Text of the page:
and yon will become one of
our boosters
Al. Falconer
Alice Arm
Baggage, Freighting, Pack
and Saddle Horses
Slab Wood Cut any Length
Every Order Given
Immediate Attention
will be strictly confined to natives.
With a Grand Concert by the
Greenville Concert Band in the
Westholme Theatre, Sunday evening. September 19th. the Fair will
be brought to a close. Advt.
Advertise in the Herald
Alice Arm
The Bonanza Silver
Camp of B. C.
We invite you to investigate the  mining  shares now
being offered in Alice Arm properties and recommend
Kitsault-Eagle Silver Mines Ltd. (N.P.L.)
British Colonial Securities Ltd.
Suite 3ZS, Standard Bank Building, Vancouver
Alice Arm Representative:   A. McGuire
Residental and
Business Lots
That the town of Alice Arm will become a mining centre of
considerable importance within the next few years is the
opinion of numerous influential mining men who have recently
visited the camp. The mining industry is undoubtedly on the
eve of big developments, which means a big payroll and a
much larger town. Increased activity will result in placing
good residental and business lots at a premium. At the present
time lots can be secured at attractive prices and on easy terms.
RESIDENTAL   LOTS   FROM   $200   TO   $300
BUSINESS    LOTS    FROM    $200    TO   $500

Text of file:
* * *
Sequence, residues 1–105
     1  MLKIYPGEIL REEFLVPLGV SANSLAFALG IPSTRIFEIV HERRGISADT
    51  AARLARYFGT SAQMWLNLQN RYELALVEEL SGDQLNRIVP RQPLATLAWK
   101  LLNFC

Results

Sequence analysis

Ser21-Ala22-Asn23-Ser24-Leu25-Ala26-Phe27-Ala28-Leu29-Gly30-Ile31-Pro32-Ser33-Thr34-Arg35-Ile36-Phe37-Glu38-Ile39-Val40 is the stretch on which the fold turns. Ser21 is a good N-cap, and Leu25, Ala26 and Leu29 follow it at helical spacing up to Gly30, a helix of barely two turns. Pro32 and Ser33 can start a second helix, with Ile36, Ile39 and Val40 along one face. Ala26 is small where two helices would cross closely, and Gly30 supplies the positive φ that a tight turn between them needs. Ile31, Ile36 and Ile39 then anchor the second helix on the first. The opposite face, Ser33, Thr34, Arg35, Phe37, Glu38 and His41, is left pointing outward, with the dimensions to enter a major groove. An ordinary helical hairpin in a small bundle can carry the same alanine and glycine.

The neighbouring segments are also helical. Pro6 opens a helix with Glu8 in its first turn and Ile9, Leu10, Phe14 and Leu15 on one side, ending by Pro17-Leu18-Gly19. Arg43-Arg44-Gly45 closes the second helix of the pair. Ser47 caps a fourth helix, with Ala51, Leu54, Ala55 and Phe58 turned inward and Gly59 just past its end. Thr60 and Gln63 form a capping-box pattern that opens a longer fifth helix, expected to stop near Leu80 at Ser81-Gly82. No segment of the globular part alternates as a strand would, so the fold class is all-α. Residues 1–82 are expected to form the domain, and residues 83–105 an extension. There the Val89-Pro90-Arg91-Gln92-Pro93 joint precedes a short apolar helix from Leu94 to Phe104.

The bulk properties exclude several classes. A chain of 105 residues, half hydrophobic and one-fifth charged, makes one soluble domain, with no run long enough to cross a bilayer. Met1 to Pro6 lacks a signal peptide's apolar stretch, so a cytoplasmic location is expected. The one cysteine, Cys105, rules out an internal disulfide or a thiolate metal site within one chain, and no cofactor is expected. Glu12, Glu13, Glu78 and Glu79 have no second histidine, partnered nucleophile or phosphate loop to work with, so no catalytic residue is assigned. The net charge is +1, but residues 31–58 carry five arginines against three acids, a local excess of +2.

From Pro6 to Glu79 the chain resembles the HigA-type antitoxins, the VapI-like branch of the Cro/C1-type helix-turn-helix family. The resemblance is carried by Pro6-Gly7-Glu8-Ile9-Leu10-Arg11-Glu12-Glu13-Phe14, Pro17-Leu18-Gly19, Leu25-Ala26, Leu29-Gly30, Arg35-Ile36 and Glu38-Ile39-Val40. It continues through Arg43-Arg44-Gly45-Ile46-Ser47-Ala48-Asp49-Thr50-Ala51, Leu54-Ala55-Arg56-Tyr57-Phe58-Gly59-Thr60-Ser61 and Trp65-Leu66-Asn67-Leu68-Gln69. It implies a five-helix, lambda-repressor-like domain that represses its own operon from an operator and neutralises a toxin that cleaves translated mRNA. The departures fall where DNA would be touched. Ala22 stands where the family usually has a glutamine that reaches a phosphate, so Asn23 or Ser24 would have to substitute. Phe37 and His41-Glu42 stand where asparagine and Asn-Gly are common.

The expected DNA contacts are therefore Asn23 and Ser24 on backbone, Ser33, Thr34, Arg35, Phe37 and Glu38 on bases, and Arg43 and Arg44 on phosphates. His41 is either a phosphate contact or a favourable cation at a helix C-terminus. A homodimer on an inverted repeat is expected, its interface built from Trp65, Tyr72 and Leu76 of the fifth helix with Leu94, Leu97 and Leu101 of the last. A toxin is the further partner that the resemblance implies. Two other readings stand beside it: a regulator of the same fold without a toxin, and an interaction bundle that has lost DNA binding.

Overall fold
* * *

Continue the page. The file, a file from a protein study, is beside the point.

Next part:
Alice Arm Lots offer a sound investment.   For particulars apply
Agent for the Alice Arm Mining & Development Co.
Including the celebrated 100 per cent whole wheat Iroiidi/.ed
Flour and bread. Whole wheat health cookies, in sealed
half ppitnd packages.     Grain cereal and Pancake Flour for
All goods   guaranteed, and money  refunded  if  not  satisfactory
Watch for additional articles each week
Alice Arm
S. S. Prince George leaves Anyox for Prince
Rupert, Vancouver, Victoria, Seattle, each Thursday 1.00 p.m.
S. S. Prince Charles from  Prince  Rupert, for
Massett Inlet Ports each Monday 10.00 p.m,
S. S. Prince John leaves Prince Rupert, fortnightly for Vancouver,
via South Queen Charlotte Island ports.
Trains leave Prince Bupert daily except Sunday at 11.30 a.m., for
Jasper, Edmonton, Winnipeg, direct connections for all points
East and South.
Use Canadian National Express for Money Orders, Foreign
Cheques, etc., also for your next shipment.
For Atlantic Steamship Sailings or further information, apply to any Canadian
National Agent, or to R. F. Mc-NAUGHTON, District Passenger Agent
Prince Rupert, B. C.
Leaves Alice Arm for Anyox 9 a.m.
Tuesdays, Thursdays & Saturdays
Returning Same Days at 3 p.m.
Vacant, unreserved, surveyed
Crown lands may be pre-empted by
British subjeots over 18 years of age,
and by alien* on declaring Intention
to become British subjeots, conditional upon residence, occupation,
ind Improvement for agricultural
Full Information concerning regu-
atlons regarding pre-emptions Is
trlven In Bulletin No. 1, Land Series,
'How to Pre-empt Land," copies of
which can be obtained free of charge
by addressing the Department of